Monday, 11 November 2013

Abhimanyu – The lone warrior

His association with the Mahabharata war started when he was still in his mother’s womb. I have heard this story many times from my childhood and always wondered if this could be true. Recently, a study has revealed that babies start learning to recognise words while still in their mother’s womb. The joy at having got the proof has prompted me to narrate the story of Abhimanyu.

Abhimanyu was the son of Arjuna and Subhadra and the nephew of Lord Krishna.
Arjuna, in the presence of the mighty Lord narrated the various battle formations and how to conquer them, while Abhimanyu was still in his mother’s womb. Unfortunately, just after Arjuna narrated the strategy of entering the Chakravyuh, Subhadra fell asleep. Not wanting to disturb her sleep, Lord Krishna and Arjuna left the place.

Later, Abhimanyu grew up learning warfare techniques from Pradhyumna, Lord Krishna’s son. Being the son of a great warrior, Arjuna, young Abhimanyu was eager to learn more and Lord Krishna, realising the boy’s potential, appointed two more gurus for young Abhimanyu. Two great warriors Kritavarma and Satyaki, who served Lord Krishna, taught young Abhimanyu many more skills, but none realised that Abhimanyu’s knowledge of Chakravyuh was not complete!

In the Mahabharata war, Abhimanyu fought very bravely. His charm and valour made even his enemies respect and adore him at the same time. He displayed tremendous skills at dvandva yudha or a one-to-one combat. Finally, he shattered the Chakravyuh formation and entered it with the four Pandava brothers following him closely. But Jayadhrada, the King of Sindh, cut the four Pandava brothers quickly, as they did not know the strategy. The strategy of entering the chakravyuh was known only to Arjuna, Krishna and Pradyumna. The three of them, though, had been cleverly drawn to the opposite end of the battle field by Samsaptaka’s army led by Susarma. 

Knowing that he was trapped alone in this formation, and that his father and uncle were not around to help him, Abhimanyu was determined to fight fairly and win the war for his side. Single handed, he succeeded in almost destroying a formation called as the Akshauhini that was made up of several chariots, elephants, cavalry and infantry.Even when he was surrounded by great warriors like Karna, Dronacharya, his son Ashwathama, his grand uncle Shakuni, he remained calm and brave and fought them with honour and dignity. 

Duryodhana understood that it would be impossible to challenge this young man in dvandva yudha and ordered all his warriors to attack him simultaneously. Young Abhimanyu argued with his uncle and the others. Duryodhana was not in a mood to listen. He mocked the young lad by asking him how he was planning to escape when the Chakravyuh had been closed. 

Abhimanyu, the brave heart that he was, calmly replied that escape routes are for cowards and he had stepped into the battle field to fight and not to escape. When an army of great warriors attacked him ruthlessly, he fought them without breaking the rules that governed battles then. He left Duryodhana injured and chariot less. Abhimanyu then killed Lakshmana, Duryodhana’s son. Duryodhana was not only angered by this, he was also jealous of Abhimanyu as Dronacharya and Kripacharya, who was Dronacharya’s brother-in-law, were in awe of Abhimanyu’s bravery.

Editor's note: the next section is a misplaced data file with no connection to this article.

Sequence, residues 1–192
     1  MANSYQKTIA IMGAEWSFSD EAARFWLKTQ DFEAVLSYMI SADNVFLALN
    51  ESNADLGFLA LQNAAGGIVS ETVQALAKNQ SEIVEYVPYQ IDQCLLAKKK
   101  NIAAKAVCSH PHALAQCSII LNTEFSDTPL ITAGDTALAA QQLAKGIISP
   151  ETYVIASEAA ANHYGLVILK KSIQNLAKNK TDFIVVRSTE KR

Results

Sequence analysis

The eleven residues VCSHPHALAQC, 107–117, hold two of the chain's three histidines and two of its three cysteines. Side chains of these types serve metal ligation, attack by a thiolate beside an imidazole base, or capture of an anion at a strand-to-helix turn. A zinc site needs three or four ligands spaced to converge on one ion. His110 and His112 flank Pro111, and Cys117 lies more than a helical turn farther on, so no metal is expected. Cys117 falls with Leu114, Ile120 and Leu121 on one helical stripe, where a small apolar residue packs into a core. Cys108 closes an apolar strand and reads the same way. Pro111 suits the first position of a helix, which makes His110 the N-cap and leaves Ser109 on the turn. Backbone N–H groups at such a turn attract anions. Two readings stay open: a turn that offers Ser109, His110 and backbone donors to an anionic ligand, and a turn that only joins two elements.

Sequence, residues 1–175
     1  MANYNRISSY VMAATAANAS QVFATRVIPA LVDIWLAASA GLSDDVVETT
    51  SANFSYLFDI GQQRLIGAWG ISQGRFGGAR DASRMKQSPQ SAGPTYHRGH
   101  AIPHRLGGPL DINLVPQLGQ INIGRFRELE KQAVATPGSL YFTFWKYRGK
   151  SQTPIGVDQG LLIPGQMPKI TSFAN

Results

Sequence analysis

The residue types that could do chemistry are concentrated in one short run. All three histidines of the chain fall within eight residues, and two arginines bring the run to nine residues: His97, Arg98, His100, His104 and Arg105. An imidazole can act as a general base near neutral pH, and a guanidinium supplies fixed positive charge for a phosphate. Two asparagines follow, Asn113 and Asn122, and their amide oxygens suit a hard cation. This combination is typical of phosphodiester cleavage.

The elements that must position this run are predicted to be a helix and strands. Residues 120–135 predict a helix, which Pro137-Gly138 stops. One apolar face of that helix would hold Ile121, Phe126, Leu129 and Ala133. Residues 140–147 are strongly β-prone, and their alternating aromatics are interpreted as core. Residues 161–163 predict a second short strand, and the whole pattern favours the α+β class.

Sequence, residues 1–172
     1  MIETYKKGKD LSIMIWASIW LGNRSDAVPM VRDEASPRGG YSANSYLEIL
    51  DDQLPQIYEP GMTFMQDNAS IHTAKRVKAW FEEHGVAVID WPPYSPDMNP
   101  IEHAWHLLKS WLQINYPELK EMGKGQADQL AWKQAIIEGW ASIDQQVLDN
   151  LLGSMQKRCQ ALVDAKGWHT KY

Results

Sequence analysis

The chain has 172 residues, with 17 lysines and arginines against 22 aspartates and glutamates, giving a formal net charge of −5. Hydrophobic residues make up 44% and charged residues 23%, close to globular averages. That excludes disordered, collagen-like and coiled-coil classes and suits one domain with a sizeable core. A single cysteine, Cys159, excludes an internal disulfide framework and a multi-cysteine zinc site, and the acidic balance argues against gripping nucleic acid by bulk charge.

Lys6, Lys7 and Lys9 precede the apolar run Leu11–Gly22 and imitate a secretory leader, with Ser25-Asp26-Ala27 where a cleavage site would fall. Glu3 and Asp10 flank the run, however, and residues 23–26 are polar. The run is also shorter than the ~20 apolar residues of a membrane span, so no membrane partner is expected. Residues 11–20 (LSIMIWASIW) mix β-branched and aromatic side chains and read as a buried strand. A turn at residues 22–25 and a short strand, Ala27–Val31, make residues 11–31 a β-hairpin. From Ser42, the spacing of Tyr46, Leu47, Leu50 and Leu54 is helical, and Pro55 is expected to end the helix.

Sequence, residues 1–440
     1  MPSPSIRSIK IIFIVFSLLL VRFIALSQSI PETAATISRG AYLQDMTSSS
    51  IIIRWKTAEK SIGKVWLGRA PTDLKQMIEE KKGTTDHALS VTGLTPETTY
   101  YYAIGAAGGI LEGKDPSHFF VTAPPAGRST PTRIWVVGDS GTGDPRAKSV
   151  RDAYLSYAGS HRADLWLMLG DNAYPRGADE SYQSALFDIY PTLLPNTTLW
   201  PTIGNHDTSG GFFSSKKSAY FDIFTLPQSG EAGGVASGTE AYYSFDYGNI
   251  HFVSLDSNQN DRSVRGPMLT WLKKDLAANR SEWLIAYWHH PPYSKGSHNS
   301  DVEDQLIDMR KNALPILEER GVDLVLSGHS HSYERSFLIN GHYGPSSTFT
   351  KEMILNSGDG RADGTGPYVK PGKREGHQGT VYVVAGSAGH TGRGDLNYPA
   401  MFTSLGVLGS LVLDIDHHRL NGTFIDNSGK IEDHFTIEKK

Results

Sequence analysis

Every single warfare rule was broken by Duryodhana and he killed a lone soldier with the help of seven great warriors. Duryodhana, by doubting the abilities of the other warriors made them fight more bitterly with Abhimanyu. Karna made the young lad weapon less while Kripacharya killed his horses and charioteer.Yet Abhimanyu fought on, shielding himself with the wheel of the broken chariot and using this as a weapon, attacked the enemies. Once the wheel also was broken, Abhimanyu picked up a mace and battled on with Dushasana, who finally killed him.  

Once Abhimanyu was killed Duryodhana, his brother Dushasana and the rest of the army danced joyously around the lifeless body of the fallen hero.This single episode became the turning point in the entire Mahabharata war. Lord Krishna and Arjuna were angered beyond words and paid every single act of Duryodhana in his own coin.

The only consolation to this unfair, gory killing of Abhimanyu came from Vrishasena, Karna’s son. After the battle Parikshit and Vrishasena were the two contenders to the throne of Hastinapur. Vrishasena was the eldest son of the eldest Pandava, but gave up his right to the throne and made Parikshit, son of Abhimanyu, the King !

What happened in this epic war after Abhimanyu's killing provides useful insight into the ways of the world. The Pandavas were kind at heart and good in deed. Arjuna did not want to fight his cousins as he respected and honoured relationships more than power. In fact, he was good to a fault. Lord Krishna, one may feel, was helpful and happy to a fault. But when they were irked by the constant abuse of power by Duryodhana and his dishonest ways, they became unstoppable.